Not only would Yildirim winning be a Douglas vs. Tyson-level shocker, but him even lasting the distance would be a huge upset. Therefore, you still have to lay a hefty price to take Alvarez to win by KO, TKO, or disqualification. The best we’re seeing is -1200 at FOX Bet. That might actually be a +EV bet, but you again have to ask yourself whether it’s worth it to risk $100 to win $8.33.
Alvarez by decision is priced as high as +800 — but make sure the sportsbook you’re using will pay out on a technical decision that comes if the fight is stopped earlier than round 12 due to an accidental foul and goes to the scorecards. With that technical decision possibility added in, there’s arguably some value in an 8/1 longshot. But some books specify “Canelo Alvarez By Points (after 12 rounds).”
Pick the round in which Canelo KOs him
This is basically picking a number on the roulette wheel, except determining the target here is not entirely random. Canelo hasn’t stopped an opponent prior to round 3 in more than 11 years. He’s powerful, but also patient, and logic suggests he’ll want to give the paying fans allowed in the stadium a show and not turn Yildirim to dust in the opening round or two. Logic also suggests Yildirim, whose aggressive style should be to his detriment here, will not make it into the late rounds.
So if you want to take a shot on a particular round between, say, the third and the ninth, you can get +550 on the third round at both FanDuel and DraftKings; +600 on the fourth at FanDuel and BetMGM; +700 on the fifth at those same two sites; +1000 on the sixth at FanDuel; +1100 on the seventh at FD and MGM; +1500 on the eighth at FanDuel; and +2200 on the ninth at FanDuel.
It’s likely that none of those prices offer actual value, but just like a multi-leg parlay where you should know going in that you’re sacrificing EV, they offer a fun sweat to possibly put a jolt in your bankroll.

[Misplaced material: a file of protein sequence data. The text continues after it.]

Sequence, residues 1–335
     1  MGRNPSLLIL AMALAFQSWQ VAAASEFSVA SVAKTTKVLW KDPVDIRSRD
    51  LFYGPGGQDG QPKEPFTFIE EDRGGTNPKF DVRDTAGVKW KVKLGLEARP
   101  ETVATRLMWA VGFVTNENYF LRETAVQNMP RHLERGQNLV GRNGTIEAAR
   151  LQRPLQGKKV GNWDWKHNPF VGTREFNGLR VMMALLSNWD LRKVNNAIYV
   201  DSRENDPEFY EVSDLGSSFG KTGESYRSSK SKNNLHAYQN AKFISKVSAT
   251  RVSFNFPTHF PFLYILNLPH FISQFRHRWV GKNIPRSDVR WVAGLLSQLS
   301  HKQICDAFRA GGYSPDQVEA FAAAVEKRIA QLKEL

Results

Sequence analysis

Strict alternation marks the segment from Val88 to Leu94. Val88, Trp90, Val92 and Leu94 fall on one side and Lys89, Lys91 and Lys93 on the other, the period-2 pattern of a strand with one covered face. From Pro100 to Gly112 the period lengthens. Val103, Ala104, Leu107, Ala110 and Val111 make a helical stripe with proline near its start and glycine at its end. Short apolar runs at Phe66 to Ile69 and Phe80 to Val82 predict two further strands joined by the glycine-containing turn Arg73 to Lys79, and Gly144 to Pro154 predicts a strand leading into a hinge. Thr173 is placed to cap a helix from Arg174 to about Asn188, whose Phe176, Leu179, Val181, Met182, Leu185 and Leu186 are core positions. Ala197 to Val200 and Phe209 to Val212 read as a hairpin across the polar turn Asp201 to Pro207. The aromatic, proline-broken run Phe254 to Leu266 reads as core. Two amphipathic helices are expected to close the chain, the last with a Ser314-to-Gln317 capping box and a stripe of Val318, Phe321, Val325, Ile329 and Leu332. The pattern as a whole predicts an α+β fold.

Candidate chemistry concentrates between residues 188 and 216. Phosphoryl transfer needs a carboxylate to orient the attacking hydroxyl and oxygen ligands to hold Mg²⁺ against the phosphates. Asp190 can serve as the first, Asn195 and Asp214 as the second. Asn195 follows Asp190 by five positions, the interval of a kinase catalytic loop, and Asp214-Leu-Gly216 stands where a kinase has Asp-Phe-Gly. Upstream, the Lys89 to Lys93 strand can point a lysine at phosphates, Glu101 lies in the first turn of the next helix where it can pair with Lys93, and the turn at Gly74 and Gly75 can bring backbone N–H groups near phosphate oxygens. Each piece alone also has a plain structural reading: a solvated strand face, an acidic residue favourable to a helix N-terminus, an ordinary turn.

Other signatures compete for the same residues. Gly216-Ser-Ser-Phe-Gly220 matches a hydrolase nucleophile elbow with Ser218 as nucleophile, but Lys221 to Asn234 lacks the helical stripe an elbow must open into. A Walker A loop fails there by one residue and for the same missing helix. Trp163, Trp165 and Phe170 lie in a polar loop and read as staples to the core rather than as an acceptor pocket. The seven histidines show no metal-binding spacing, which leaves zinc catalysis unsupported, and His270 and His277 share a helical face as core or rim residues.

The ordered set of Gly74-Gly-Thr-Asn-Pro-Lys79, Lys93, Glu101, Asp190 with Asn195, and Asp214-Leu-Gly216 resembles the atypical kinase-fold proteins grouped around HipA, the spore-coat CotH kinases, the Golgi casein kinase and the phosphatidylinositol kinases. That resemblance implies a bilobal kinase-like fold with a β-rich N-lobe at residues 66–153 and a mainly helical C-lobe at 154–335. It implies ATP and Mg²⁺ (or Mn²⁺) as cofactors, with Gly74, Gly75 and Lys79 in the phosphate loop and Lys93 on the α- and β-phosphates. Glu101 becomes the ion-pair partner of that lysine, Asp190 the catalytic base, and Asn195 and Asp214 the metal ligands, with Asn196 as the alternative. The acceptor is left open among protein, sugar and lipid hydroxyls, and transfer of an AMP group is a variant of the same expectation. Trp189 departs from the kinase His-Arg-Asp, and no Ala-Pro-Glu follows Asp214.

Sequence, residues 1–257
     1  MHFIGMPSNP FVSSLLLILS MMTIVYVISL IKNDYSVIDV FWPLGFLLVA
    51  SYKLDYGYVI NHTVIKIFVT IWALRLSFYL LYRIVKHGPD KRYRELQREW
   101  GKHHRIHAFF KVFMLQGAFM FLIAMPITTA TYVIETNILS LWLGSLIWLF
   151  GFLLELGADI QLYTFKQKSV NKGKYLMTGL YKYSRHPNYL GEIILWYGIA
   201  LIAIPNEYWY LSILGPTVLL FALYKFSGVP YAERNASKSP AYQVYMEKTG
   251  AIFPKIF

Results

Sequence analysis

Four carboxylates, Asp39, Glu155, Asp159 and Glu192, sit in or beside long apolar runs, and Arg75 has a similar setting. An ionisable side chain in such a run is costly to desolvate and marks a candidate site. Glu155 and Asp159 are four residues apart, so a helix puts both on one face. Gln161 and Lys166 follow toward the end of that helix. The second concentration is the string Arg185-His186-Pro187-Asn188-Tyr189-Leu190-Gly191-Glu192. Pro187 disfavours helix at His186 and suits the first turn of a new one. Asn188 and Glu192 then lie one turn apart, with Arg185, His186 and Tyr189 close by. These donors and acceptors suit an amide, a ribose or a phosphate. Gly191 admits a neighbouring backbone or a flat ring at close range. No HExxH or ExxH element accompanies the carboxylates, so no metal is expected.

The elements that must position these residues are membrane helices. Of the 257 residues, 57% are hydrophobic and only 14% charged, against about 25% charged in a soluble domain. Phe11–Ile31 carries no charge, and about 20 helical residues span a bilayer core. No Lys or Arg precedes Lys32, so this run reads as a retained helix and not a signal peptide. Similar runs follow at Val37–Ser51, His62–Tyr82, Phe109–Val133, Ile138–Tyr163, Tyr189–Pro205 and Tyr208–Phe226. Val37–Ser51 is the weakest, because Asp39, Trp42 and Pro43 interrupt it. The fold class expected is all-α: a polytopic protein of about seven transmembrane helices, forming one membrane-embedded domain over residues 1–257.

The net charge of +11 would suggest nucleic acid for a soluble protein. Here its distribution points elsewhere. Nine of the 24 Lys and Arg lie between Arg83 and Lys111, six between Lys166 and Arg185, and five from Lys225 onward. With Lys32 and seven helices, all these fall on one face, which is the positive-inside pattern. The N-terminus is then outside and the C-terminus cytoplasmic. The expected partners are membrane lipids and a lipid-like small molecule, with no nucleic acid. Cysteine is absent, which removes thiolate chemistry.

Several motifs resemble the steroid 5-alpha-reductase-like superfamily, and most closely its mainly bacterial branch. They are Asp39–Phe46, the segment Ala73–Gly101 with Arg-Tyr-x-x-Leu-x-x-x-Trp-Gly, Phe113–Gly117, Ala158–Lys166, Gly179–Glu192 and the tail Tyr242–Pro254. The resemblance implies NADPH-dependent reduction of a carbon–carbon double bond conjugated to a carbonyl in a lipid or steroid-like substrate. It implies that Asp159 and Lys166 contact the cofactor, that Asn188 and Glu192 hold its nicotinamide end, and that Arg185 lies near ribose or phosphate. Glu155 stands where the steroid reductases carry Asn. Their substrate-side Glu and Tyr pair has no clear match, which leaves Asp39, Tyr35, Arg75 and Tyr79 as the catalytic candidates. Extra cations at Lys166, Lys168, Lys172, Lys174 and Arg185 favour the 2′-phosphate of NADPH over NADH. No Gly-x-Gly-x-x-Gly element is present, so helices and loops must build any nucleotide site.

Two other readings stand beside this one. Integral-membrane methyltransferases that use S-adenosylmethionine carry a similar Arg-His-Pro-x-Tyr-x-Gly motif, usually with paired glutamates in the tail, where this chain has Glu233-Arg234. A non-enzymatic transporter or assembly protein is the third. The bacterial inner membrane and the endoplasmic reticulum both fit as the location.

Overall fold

Bet on a group of rounds
If individual rounds are a number on a roulette wheel, then group round betting is akin to a row or a column or putting a chip on the corner of four squares.
The groupings vary from sportsbook to sportsbook. Canelo by KO in round 4-6 pays +185 at DraftKings. In round 7-9, he’s +400 at BetMGM. In rounds 5-8, he’s +200 at FanDuel. Canelo anywhere in the first six rounds is -250 at BetMGM. And so forth.
Bet on an over/under or a more creative prop
Then there are the oddities:
- FOX Bet has a boost from +450 to +550 on Yildirim to get knocked down in the opening round. You can also take the challenger to be knocked down anytime in the first six rounds at -400, or take a flyer on both fighters to be knocked down sometime during the fight at +700.
- Yildirim not to score a knockdown is just as likely as Alvarez to win the fight, according to FOX Bet. The book has the “no” on the challenger scoring a knockdown at -5000, and the “yes” at +1000.
- BetMGM has Canelo to win after being knocked down at +1000, and Yildirim to get off the canvas and win at +4000. Buyer beware on the first option: Through 57 pro fights, Alvarez has never suffered an official knockdown.
Photo by Ed Mulholland/Handout Photo via USA TODAY Sports